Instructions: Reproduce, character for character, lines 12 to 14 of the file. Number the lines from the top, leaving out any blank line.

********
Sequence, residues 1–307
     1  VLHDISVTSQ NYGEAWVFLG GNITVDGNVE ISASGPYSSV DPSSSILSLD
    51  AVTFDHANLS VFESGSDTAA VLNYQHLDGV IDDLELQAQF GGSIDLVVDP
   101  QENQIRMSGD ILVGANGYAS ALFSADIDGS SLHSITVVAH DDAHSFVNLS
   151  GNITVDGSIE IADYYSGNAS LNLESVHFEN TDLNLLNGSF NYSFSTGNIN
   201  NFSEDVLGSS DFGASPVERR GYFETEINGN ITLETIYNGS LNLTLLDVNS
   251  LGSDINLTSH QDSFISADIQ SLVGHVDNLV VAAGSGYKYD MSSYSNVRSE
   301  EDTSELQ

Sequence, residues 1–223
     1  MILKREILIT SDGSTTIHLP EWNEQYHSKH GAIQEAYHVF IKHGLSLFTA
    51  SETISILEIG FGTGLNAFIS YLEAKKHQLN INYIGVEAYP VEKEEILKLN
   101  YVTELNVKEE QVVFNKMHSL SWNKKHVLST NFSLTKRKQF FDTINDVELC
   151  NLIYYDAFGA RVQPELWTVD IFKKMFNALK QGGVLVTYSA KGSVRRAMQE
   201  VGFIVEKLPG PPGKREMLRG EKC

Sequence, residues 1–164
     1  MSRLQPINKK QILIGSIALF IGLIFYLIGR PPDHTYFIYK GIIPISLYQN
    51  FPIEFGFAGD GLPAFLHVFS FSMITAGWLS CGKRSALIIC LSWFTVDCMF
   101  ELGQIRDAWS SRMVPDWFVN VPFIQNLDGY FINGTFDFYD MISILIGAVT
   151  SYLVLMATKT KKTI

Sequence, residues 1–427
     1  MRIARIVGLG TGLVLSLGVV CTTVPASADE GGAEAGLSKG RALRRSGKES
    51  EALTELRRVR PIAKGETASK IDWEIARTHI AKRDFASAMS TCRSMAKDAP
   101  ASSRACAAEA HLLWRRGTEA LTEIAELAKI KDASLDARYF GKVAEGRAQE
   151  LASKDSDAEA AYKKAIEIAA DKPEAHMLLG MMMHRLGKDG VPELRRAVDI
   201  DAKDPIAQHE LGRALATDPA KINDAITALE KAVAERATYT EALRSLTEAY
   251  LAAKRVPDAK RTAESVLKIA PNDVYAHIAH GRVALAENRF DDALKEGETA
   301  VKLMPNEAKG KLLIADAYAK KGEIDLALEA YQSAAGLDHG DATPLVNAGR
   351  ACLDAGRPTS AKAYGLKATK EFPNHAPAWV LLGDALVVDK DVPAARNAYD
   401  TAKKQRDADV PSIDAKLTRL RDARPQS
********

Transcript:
   101  YVTELNVKEE QVVFNKMHSL SWNKKHVLST NFSLTKRKQF FDTINDVELC
   151  NLIYYDAFGA RVQPELWTVD IFKKMFNALK QGGVLVTYSA KGSVRRAMQE
   201  VGFIVEKLPG PPGKREMLRG EKC